Within the last week, I’ve had two clients with the same problem, a sign that I’ve found a good topic for an article. (They’ve given me permission to use them as examples – thanks, guys.) What was tripping them up was that they both had to keep the focus on a key character when there was no easy way to put that character on stage.
One of the manuscripts is a historical novel set in the early 14th century and centered on two women. One is Margaret, a noblewoman who’s left in charge of her husband’s castle when he rebels against King Edward II. The other is Edward’s queen, Isabella. For reasons I can’t get into now, the castle is besieged by Edward, and Margaret is captured and sent to the Tower of London with her children. Isabella is put in charge of her captivity. For much of the book, we watch Margaret struggle to keep herself and her children sane and to gain her freedom, with few glimpses of Isabella. But late in the story, Edward summons Isabella north, then essentially abandons her. She is nearly captured by Robert the Bruce, almost dies while escaping, and finds that Margaret’s capture was part of a scheme Edward was running behind her back.
The natural structure of the story is the parallel between the two women, who start off with a serious imbalance of power and eventually grow to see that both are under the control of narcissistic husbands with little leeway to determine their own fates. The problem is that, when Margaret is in the Tower, there is little reason to include scenes from Isabella’s point of view, and when Isabella leaves London, Margaret can do little in the Tower except wait for her to return. Readers don’t really have a feeling for who Isabella is before she leaves, and they lose track of Margaret when caught up in Isabella’s adventures. (Incidentally, after the events of the story, the real-life Isabella has Edward assassinated.)
The other novel centers on Sarah, a thirteen-year-old in the south in the mid-1950’s. After her stepfather forces her mother to abandon her and move away with him, she has to take care of her two younger brothers on her own. When the three are eventually put in an abusive foster home, Sarah engineers their escape, and they ride the rails to St. Louis looking for their mother. The climax of the story is the exposure and trial of the abusive foster father.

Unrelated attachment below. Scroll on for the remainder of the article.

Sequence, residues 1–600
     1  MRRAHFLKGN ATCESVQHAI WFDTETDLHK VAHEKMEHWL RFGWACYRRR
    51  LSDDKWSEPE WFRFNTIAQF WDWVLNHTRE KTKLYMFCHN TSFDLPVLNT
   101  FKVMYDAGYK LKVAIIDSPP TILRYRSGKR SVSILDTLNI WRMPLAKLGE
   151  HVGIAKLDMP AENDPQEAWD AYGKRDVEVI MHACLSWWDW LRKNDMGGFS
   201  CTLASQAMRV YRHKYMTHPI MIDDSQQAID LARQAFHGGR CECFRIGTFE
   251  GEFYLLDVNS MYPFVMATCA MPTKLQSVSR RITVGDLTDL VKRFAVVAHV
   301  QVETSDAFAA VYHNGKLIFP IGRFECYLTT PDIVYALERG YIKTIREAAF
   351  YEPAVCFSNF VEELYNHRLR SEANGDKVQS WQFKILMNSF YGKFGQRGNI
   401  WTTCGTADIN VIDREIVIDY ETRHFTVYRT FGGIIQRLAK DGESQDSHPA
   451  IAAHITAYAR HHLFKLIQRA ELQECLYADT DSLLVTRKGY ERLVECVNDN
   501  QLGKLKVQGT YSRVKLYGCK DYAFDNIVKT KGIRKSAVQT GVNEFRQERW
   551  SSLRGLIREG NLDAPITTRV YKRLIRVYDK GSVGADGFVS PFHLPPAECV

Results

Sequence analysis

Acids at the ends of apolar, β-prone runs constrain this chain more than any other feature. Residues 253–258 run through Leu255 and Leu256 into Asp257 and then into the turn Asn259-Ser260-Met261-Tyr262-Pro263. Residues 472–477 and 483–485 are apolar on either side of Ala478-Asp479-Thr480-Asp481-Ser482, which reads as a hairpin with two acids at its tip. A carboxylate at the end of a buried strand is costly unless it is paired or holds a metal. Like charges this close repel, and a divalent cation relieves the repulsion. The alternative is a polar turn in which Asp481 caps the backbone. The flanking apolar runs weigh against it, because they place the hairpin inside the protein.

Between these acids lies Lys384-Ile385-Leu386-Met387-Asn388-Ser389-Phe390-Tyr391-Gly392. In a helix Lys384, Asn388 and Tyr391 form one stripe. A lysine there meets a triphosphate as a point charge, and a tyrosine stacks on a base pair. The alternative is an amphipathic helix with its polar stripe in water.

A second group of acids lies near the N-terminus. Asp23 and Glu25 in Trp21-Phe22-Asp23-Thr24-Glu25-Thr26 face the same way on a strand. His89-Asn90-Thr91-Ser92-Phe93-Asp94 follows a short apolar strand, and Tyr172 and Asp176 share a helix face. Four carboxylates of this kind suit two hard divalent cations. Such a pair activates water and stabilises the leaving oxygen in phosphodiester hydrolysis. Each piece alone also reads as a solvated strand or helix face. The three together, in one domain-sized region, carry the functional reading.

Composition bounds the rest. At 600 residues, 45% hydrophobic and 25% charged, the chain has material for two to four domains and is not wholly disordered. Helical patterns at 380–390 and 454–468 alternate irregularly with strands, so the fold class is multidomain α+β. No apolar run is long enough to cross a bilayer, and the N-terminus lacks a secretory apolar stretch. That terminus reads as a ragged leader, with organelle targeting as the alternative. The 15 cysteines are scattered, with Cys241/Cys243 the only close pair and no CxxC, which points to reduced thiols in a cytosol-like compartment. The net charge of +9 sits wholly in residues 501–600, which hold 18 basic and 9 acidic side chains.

The problem here is that the story naturally proceeds through various fairly discrete episodes – the kids on their own, in the foster home, going to St. Louis, coming back, and the trial. The glue that keeps these various incidents from becoming a series of short stories is how they affect Sarah. She is smart, resourceful, and asked to do a lot more than a thirteen-year-old should be expected to do. But she would not be present for most of the trial, so the character holding the story together has to drop out at the climax.
How do you keep the reader’s focus on a character who cannot easily be on stage? The easiest first step is to take advantage of every opportunity you have to focus on the main characters. Margaret has an audience with Isabella earlier in the story, which I suggested be rewritten from Isabella’s point of view, to give readers a glimpse into her head. I also suggested adding a handful of scenes from Isabella’s perspective at key points in the earlier part of the story. Sarah testifies at the trial – the only scene where she’s present in the courtroom. I edited that scene so as to make her internal struggle more prominent.
But even if you take advantage of your opportunities, those opportunities are still limited. How do you bring key characters into scenes where they can’t actually appear? One way is to write the scenes from the point of view of characters who have the key character’s interests at heart. With Sarah’s story, I recommended that the trial scenes be written from the point of view of a social worker who knows and supports her. As the trial progresses, the social worker was able to be shocked or relieved on Sarah’s behalf. Readers were aware of how events affected Sarah even when Sarah wasn’t there.
You can keep your absent character in your reader’s minds if you make stakes of the scenes clear before the scenes begin. Part of the reason I suggested including earlier scenes of Isabella – particularly the scene showing her judging Margaret – was so readers could see just why Isabella felt the way she did about Margaret. That way, when Isabella goes through her own humiliation and danger because of her feckless, uncaring husband, readers will realize that her experiences are opening her up to mercy toward Margaret. I also suggested that the author include a bit of interior monologue during the escape scenes in which Isabella realizes this as well, to help keep Margaret front and center.
I also edited the scenes from Sarah’s point of view before the trial to show more clearly what she expected and needed from the verdict. This was the moment that validated whether or not she could trust the adults around her. Because readers had a clearer sense of what’s at stake in the trial, they are aware of Sarah’s reaction even in scenes where neither she nor the social worker are present. Sarah’s not in the scene, but it’s still about her.
That’s the key – learning to see what your scenes are actually about. Scenes are more than the characters who take part in them or the tension that happens in them. They have a ripple effect up and down the story, even for characters who aren’t there.
Once again, a reminder. If you’ve run into a particularly tricky problem with your own writing, you’re welcome to ask me for a solution, either in the comments or through email. The answer may show up here.
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